Falling Down the Economic Ladder

"We can really do something with kids like you."

That's what a YMCA staffperson told my teenaged brother. My brother, sister and I were working at the Y through a summer jobs program for low income youth. It's hard to describe how ridiculous this statement was. Not only did we apparently need fixing, but the person saying so was a heavily made up, 50-something aerobics instructor who seemed convinced that dressing 25 made her so.

Such was our new life. A few years earlier, we didn't qualify as "low income." My parents were still married, and our family of five did fine on my dad's income from the kind of blue collar, union job that's hard to find these days. But my mother needed to leave my father after years of him being violent. She'd stayed longer than she wanted to, as she didn't know how she was going to support us. She took the plunge and started cleaning houses and offices six days a week – all with a bad back and no health insurance or paid time off. No matter how hard she worked, it was never enough, even with a modest house payment. So once our home became a safe place, it was one we barely could hold onto.

We cut back on every conceivable expense, then got food stamps, help from the Heat Energy Assistance Program (HEAP) and occasional grocery donations from church. We hated every moment of it, feeling ashamed of needing help, but we had no choice.

Yet for this aerobics instructor, and many people like her, we were broke because we were doing something wrong.

The Job Training Partnership Act program reached the same conclusion. My brother, sister and I spent four summers in JTPA jobs. Once a summer all participants had to go to a training, usually including "humorous" skits, telling us to show up for work, be on time, dress appropriately and work hard. I can't argue with the messages, and some kids in our program needed to hear them. But not all of us did, and we had a site supervisor to handle problems on a case-by-case basis. Instead, I got to sit through skits that left me feeling humiliated.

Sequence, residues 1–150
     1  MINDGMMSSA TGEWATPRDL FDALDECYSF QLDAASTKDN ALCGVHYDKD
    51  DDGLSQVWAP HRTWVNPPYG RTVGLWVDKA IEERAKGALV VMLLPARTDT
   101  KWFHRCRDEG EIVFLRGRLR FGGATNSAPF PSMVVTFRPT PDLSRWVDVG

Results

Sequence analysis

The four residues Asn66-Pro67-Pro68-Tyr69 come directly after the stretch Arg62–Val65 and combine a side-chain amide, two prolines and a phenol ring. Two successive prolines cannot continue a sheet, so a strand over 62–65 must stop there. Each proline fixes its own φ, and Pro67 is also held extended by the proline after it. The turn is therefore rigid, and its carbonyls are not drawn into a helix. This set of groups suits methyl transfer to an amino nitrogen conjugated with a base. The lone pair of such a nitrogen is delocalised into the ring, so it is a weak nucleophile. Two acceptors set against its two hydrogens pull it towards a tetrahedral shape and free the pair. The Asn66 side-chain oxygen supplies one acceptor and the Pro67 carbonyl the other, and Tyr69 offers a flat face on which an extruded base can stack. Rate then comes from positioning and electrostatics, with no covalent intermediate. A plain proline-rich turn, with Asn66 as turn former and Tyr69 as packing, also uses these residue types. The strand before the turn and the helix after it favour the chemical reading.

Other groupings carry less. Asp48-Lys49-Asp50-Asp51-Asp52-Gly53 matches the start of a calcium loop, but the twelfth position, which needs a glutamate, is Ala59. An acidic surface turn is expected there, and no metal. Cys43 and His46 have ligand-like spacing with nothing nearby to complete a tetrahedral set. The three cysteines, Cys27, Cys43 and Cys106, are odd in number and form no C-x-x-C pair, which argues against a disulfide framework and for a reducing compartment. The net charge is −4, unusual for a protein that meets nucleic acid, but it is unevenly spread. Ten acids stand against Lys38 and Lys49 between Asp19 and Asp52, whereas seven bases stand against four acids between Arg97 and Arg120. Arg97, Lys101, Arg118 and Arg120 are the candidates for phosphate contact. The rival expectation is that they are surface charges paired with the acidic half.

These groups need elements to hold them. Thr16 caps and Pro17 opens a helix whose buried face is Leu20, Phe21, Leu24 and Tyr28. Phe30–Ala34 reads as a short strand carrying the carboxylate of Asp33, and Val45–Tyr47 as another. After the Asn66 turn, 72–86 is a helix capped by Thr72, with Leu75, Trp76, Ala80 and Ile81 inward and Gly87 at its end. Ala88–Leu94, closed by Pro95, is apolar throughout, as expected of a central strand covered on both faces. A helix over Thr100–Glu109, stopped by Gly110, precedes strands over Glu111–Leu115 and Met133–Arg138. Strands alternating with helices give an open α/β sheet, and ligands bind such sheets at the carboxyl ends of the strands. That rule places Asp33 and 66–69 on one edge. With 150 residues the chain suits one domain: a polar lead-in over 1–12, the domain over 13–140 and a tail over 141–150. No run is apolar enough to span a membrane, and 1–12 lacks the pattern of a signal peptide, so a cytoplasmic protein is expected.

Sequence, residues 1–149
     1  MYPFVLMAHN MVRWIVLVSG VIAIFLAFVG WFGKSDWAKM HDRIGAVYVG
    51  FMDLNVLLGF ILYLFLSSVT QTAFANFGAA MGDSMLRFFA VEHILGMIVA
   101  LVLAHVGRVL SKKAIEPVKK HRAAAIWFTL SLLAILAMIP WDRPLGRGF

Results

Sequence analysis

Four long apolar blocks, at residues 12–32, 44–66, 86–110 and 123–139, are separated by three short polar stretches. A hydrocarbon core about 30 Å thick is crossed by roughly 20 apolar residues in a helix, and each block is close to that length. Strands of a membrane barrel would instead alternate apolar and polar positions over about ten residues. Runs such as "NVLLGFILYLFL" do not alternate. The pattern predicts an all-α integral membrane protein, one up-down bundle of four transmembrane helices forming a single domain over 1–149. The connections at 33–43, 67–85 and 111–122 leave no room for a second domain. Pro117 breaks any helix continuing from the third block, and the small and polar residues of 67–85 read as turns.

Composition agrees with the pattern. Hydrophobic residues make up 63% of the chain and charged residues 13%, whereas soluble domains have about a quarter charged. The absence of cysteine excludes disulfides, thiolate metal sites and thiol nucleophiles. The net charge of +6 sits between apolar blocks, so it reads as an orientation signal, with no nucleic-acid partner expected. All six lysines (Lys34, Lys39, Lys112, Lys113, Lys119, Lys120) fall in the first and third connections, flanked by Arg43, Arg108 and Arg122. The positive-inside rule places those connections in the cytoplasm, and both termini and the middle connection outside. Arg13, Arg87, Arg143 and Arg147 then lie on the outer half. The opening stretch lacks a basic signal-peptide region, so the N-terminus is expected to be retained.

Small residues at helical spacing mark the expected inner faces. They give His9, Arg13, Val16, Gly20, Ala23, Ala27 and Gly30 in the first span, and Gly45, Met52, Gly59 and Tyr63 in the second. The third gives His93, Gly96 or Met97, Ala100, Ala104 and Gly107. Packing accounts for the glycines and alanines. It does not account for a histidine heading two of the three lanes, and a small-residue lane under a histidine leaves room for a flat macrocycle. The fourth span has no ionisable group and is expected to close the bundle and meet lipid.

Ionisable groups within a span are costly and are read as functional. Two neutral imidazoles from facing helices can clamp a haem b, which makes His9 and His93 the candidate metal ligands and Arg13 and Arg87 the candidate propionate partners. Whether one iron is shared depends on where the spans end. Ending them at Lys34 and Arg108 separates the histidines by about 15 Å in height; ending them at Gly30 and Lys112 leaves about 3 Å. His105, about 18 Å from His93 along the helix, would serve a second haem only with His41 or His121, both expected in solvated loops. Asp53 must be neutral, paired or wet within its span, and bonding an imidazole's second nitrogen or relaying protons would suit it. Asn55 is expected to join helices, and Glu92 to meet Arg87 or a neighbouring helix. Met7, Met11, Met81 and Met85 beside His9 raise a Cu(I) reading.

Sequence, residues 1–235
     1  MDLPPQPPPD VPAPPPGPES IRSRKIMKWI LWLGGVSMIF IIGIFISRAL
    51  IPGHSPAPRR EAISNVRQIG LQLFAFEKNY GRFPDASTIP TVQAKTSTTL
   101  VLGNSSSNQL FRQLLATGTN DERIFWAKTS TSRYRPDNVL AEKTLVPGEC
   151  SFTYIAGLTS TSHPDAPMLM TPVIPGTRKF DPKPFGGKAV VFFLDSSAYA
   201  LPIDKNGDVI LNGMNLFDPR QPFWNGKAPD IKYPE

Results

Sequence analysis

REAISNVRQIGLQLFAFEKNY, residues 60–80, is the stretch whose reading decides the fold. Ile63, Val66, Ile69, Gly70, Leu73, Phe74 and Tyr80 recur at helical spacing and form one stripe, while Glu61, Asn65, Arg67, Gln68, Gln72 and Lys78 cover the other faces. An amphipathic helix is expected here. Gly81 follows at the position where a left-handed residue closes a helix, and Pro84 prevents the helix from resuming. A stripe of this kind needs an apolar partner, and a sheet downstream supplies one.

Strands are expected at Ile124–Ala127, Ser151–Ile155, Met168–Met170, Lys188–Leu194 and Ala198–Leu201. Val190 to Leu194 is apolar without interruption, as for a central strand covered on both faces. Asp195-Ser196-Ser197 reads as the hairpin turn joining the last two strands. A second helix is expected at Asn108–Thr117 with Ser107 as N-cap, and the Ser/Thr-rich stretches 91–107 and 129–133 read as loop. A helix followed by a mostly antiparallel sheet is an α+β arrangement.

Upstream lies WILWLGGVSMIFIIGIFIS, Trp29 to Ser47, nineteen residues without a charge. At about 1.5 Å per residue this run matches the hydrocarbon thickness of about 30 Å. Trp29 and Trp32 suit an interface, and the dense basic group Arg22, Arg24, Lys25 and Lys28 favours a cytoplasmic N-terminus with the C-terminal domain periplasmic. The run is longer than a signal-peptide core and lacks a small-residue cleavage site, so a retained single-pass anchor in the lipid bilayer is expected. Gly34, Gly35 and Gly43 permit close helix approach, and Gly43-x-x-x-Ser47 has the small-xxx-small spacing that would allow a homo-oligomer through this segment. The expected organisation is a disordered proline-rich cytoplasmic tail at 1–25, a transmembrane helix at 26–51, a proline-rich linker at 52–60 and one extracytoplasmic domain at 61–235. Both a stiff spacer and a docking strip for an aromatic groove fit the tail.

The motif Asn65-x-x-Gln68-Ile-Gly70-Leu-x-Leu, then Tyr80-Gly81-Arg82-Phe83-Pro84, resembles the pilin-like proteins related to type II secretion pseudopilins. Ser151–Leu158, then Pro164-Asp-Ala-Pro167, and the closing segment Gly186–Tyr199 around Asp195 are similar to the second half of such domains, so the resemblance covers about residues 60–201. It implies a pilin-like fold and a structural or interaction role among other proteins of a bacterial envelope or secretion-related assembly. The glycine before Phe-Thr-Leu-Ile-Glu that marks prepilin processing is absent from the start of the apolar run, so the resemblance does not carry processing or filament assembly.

No one questioned my work ethic until we escaped family violence. What a weird tradeoff.

I've long since learned how typical that scenario is. Many people love that old trope about teaching a man to fish, instead of giving him fish. But not enough people ask if his fishing skills are the problem.

An emergency rental assistance program in Washington, DC requires recipients to come in for trainings in budgeting. That could be helpful, but again, it depends. Spending yourself into a hole is one thing. Being behind on rent from a long illness is quite another.

A local family shelter found that a handful of residents didn't know how to clean their apartments, so all residents got trained in it. I kept wondering what that felt like for those who didn't need it.

Ironically, well-intended training programs can be a burden, especially for the working poor. Accessing benefits often means missing work to spend countless hours in waiting rooms. Add some trainings, and you may be missing even more work and wages.

I realize that poverty is far from simple, and that personal responsibility can play a role, as can a changing job market which demands new skills. But still, sometimes people get sick, get laid off or lose a spouse. So why do we treat all people who need help as if they have the same needs? And how much money are we wasting this way? When do people need skills training, and when do they just need money to get them through a crisis? How much are training programs driven by need and how much by the deep seated American belief that poverty means you just aren't trying hard enough?

I can already hear the criticism that if you're poor and get help, that you have no right to complain about anything. Well, let me put it this way. Conservatives tend to call the poor lazy. Liberals are more likely to assume they're inept. Either way, getting through poverty with your dignity intact is far from easy.